Toronto and attending McGill. She never had then sense that someone’s
homosexuality was in any way “subversive.” She acknowledges, however, that a
few people have pointed out the lesbian trend in the parts she’s played
“This is where I’m supposed to say something witty about why I keep getting
asked to play lesbians, isn’t it?”
“It would help,” I say.
“Well, I can’t think of a thing.”
Then how about this: Does she feel typecast?
“You mean do I resent the fact that I tend to play characters who are open?”
“The answer would be no. I think it’s wonderful.”
On The L Word, her new series which made its debut on the American network
Showtime in January, (and in Canada in February), Kirshner plays Jenny, a
recently graduated fiction writer who moves to L.A. to live with her fiancé,
Tim. The show features an ensemble of actresses (rare) playing gay women
(very rare) whose lives revolve around the couple next door, Bette (Jennifer
Beals) and Tina (Laurel Holloman), a long time pair who have spent seven
years searching for the perfect sperm donor to inseminate Tina.
The L Word is not only the first-ever TV series about a group of lesbians,
but it was also made by an almost all-female crew – unheard of in show
business, which is about male-dominant as NASCAR. The show was created by
Ilene Chaiken, the pilot directed by Rose Troche (Go Fish), and subsequent
episodes involve such esteemed indie figures as director Mary Harron (I Shot
Andy Warhol) and writer Guinevere Turner, formerly Troche’s partner on Go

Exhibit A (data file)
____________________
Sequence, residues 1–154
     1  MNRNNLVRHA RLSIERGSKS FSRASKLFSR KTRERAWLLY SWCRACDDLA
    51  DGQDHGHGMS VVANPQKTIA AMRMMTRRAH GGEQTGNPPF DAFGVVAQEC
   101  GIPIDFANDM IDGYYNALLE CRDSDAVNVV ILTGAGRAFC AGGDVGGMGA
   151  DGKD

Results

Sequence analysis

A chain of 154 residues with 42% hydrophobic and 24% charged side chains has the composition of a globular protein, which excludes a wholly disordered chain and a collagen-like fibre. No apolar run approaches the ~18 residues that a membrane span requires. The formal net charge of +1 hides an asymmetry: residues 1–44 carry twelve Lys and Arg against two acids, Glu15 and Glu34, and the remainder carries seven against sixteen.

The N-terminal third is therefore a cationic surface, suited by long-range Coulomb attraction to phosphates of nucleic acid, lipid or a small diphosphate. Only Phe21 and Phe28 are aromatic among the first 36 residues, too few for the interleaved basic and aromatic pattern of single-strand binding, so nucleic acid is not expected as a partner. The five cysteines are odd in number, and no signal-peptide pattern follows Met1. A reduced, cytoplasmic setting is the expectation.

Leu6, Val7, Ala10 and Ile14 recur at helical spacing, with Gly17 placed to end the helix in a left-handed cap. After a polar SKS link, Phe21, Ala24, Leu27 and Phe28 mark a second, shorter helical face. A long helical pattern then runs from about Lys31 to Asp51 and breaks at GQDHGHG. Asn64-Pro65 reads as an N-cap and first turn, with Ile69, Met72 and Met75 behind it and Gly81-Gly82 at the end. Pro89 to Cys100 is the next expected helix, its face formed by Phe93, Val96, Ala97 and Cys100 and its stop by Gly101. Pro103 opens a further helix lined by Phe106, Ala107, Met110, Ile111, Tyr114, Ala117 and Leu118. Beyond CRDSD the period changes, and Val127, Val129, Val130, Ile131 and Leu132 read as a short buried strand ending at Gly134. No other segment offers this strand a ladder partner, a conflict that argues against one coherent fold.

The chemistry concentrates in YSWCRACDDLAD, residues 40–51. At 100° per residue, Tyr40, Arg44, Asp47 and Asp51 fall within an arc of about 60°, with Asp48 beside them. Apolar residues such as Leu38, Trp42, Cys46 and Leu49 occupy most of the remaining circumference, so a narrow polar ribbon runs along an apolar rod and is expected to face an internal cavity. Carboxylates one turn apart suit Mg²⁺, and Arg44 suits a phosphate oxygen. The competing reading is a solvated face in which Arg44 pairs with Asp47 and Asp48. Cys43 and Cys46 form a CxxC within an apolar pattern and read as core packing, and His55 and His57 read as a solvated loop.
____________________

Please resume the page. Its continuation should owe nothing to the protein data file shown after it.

Fish. The result, Kirshner happily explains, is a set that – unlike a
television series, where the clock is always running to get the next shot
and actors constantly bemoan the lack of time to do their very best work –
feels a lot more like an independent film project. “It never feels rushed,”
she says. “There is always this vibe of, if you need time to get to a
certain place, take it. Part of that comes from working with a lot of people
who have a film background, and part, I think, comes from having this very
supportive, all-female set, which creates a completely unique feeling.”
In fact, The L Word pilot has a nice, loose feel to it, unlike the packaged,
homogenous world of network television. The world of the show looks and
sounds a lot like certain neighbourhoods of East Vancouver, where it is
being shot, although it’s set in Los Angeles. Watching The L Word – in which
the emotional moments feel real, and the sex scenes feel sexy – one is
reminded that the term “good television” isn’t an oxymoron.
Kirshner’s Jenny is the catalyst that sets off all sorts of emotional
upheavals after she finds herself rapidly falling in love with beautiful
café owner Marina – a mild conflict considering Jenny’s engaged. The promo
line for the series is “Same Sex. Different City.” Better yet, Queer as Folk
meets a lesbian version of Maupin’s Tales of the City.
“It is a lot like Tales, but grittier. Less froth,” Kirshner says.
What comes next for Mia? She claims to have no real desire to direct –
unless the project is a documentary. Listening to her stories about Juarez,
and her travels in Istanbul, Paris, and the Balkans, I get a sense of a
writer urging to break out of the actress’s elegant shell – but she says she
doesn’t write, except for personal stuff. Some of her favourite films are
Lars von Trier’s Dogma 95 films, the dark Belgian film Rosetta, and the
documentary Etre et Avoir (To Be and To Have).
When I ask which actresses she admires, she references Isabelle Huppert and
Charlotte Rampling, two of the European greats. One is renowned for her
elegant simplicity onscreen, the other for her timeless beauty. Come to
think of it, if you made a composite of Huppert and Rampling, what you might
come up with is Mia Kirshner – a complex beauty who has spent her youth
keeping it real in order to bring to life some of the most complex dirty
girls we’ve ever seen onscreen.
** Thanks to S.C.